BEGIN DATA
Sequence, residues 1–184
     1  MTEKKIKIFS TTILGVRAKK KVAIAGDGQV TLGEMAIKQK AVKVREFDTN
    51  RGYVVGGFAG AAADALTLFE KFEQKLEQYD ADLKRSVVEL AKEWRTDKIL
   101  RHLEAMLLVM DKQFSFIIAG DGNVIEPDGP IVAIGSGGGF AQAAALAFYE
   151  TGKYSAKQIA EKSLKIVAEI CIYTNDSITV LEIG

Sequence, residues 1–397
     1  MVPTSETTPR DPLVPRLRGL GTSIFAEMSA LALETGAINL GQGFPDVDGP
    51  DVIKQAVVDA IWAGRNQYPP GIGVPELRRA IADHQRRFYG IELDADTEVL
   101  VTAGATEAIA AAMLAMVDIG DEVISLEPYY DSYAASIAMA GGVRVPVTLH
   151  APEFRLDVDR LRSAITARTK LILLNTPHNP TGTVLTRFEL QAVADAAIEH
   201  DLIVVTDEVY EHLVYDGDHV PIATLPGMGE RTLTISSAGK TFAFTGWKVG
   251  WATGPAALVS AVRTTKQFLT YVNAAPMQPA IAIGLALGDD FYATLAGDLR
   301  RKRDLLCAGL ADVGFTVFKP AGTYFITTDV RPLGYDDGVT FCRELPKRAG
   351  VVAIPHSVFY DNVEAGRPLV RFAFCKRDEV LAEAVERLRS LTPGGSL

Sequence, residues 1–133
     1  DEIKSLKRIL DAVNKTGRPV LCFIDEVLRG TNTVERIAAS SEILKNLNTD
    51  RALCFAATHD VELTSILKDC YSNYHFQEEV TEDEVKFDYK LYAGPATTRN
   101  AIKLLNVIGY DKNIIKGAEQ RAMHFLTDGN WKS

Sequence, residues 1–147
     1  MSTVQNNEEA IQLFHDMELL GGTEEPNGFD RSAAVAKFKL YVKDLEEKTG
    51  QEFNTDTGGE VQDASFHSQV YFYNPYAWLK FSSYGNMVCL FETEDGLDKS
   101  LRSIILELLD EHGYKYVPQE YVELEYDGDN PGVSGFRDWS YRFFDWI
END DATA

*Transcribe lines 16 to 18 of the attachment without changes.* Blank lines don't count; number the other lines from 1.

     1  DEIKSLKRIL DAVNKTGRPV LCFIDEVLRG TNTVERIAAS SEILKNLNTD
    51  RALCFAATHD VELTSILKDC YSNYHFQEEV TEDEVKFDYK LYAGPATTRN
   101  AIKLLNVIGY DKNIIKGAEQ RAMHFLTDGN WKS